It started as a futuristic vision, but it didn’t stay that way very long. Augmented and virtual reality are fast earning their place as part of what is normal: an almost essential, well-accepted facet of modern life.
But what are they, exactly? Augmented reality is simply the notion that we can add computer-generated elements seamlessly into our personality reality. Let your messenger chat heads pop up in front of you as eat your breakfast, for instance, or get your flight information beamed up above your mirror as you brush your teeth in the morning. It leaves you with a blend of real and virtual life; a blend that has the potential to make your life easier, more productive, or more rewarding.
It’s not a new idea; although the name was coined in 1990, the concept had been proposed way back in 1950. A pair of glasses that could record every user experience, a headset that brought virtual, movable 3D objects into a wearable playing field. Developers let their imaginations loose on a concept that promised a whole new facet of human experience, and they met various degrees of success.
Maybe the closest we got to the dream was in 2012, when Google brought out Google Glass, a lightweight ‘wearable computer’ which allowed you to keep track of your life without looking down at your smartphone. Their prototype was short-lived if anything: announced to the world with fanfare in April 2012 and disappearing just as suddenly and dramatically in January 2015. Before it slid off the books, though, it did something important: it took the notion of augmented reality out of the realm of sci-fi and into everyday life for normal people.
And there’s more out there than just Google. Microsoft, for instance, and the Hololens are there in the domain as well. Although no one pretends it’s ready for the public, they’ve got a powerful augmented reality headset that is pushing the bar in the developer realm.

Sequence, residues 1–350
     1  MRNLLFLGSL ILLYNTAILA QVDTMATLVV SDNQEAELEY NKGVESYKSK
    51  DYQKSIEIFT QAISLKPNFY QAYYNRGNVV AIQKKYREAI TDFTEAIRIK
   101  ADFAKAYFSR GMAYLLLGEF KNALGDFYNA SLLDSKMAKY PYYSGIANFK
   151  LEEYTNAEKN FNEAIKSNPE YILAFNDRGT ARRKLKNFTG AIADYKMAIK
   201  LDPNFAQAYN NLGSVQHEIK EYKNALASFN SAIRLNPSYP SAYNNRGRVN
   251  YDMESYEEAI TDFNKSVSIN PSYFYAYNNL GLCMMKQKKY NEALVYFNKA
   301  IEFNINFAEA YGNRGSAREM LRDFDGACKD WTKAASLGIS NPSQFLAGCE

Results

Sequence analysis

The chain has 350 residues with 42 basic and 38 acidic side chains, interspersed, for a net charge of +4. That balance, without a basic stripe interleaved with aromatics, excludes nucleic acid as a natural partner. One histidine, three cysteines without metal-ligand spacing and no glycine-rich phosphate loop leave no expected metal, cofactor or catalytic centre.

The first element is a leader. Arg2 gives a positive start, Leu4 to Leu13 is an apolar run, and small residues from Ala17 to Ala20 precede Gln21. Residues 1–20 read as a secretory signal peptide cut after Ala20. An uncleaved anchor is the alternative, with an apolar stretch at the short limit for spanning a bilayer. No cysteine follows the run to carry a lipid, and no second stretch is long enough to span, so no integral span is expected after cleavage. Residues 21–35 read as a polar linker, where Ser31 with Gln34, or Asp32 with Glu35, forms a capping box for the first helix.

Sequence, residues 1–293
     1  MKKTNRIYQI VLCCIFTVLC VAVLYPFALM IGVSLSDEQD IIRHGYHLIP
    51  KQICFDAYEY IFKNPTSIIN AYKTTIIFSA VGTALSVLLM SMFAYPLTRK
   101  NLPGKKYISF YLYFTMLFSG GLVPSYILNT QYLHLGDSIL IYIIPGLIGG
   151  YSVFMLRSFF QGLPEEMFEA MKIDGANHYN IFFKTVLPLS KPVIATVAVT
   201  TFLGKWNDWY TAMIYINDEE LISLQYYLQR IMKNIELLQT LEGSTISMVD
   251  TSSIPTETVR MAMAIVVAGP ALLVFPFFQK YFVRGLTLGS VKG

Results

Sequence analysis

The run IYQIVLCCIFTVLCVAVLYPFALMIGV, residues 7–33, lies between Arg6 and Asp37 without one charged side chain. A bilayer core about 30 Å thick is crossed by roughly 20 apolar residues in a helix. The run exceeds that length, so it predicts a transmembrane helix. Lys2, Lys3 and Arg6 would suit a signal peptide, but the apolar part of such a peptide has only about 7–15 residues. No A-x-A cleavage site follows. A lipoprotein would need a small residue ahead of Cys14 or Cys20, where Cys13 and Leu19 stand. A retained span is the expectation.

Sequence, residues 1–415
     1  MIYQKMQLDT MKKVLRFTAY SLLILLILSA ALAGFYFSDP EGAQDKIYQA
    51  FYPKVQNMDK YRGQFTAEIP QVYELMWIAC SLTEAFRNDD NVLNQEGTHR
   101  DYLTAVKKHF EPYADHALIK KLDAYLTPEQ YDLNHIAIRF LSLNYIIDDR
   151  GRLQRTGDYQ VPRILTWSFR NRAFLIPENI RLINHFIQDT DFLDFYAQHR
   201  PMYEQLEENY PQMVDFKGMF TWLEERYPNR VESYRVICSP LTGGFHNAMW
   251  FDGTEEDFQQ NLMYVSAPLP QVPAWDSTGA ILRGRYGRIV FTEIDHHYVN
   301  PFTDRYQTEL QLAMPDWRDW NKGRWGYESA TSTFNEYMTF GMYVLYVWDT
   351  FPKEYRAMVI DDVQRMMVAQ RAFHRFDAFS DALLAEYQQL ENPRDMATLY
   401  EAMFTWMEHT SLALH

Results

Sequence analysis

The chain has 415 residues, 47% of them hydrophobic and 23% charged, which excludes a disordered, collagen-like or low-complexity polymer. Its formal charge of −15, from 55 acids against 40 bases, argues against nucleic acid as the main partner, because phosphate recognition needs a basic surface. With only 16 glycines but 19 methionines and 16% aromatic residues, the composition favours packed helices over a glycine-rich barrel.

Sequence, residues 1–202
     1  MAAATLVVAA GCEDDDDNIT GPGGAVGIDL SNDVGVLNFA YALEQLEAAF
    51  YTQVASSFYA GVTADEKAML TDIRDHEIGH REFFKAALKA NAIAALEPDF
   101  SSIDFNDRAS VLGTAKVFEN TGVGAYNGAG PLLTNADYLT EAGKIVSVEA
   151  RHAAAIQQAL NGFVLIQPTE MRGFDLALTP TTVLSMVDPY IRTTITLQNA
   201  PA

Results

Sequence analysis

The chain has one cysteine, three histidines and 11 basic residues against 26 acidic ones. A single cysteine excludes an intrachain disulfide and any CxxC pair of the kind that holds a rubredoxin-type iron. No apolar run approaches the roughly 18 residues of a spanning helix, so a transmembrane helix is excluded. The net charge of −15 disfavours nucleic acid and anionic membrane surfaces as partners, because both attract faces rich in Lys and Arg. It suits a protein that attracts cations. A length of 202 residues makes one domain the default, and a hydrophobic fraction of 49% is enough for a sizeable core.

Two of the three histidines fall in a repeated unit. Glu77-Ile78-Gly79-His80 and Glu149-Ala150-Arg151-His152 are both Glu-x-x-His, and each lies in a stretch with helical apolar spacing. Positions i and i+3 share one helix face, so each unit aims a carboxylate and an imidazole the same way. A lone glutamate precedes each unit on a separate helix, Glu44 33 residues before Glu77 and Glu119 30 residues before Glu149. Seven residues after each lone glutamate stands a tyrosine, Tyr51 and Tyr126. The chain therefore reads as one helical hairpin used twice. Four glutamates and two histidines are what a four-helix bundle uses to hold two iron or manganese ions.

And then there’s virtual reality. What is the difference? With virtual reality you’re not looking out at your breakfast; you’re looking at a screen, but if your VR environment is well designed you’ll feel you’re out in that world rather than this one. Your virtual reality environment may have elements of your real life in it, and this can blur the distinction between real and virtual even further.
At least, if you’ve got your screen up before your eyes on a headset. That’s where Oculus Rift came in: a pair of futuristic goggles that allows you to immerse yourself completely in 3D worlds that were made upon a computer; worlds that are completely imaginary, but as responsive to your actions as if you were standing up in them. Highly popular among gamers, Oculus Rift is the bottom line right when it comes to head-mounted monitors.
For those who don’t want to shell out the big bucks, a simpler virtual reality experience is made accessible through Google Cardboard: open source plans that allow anyone to make their own VR headset with five dollars worth of material: cardboard, lenses, and a few basic fittings. Slip your smartphone in your brand new headset and start gaming, or take one of the many other uses of VR out for a spin.
Because neither VR or AR is just the toy of gamers, real-life applications of virtual reality include medical training, architectural planning, and education. Augmented reality is used by Boeing engineers to bring their airplane blueprints to life, by doctors to find veins for IVs, and by DIY car repairmen as they try to sort out what’s inside their engine.
Where are augmented and virtual reality headed? The future looks bright. Expect to see an explosion of practical uses for both virtual and augmented reality in the next few years. Book pages and computer screens no longer bind information, and a fully integrated, fully practical reincarnation of augmented and virtual realities is on its way in.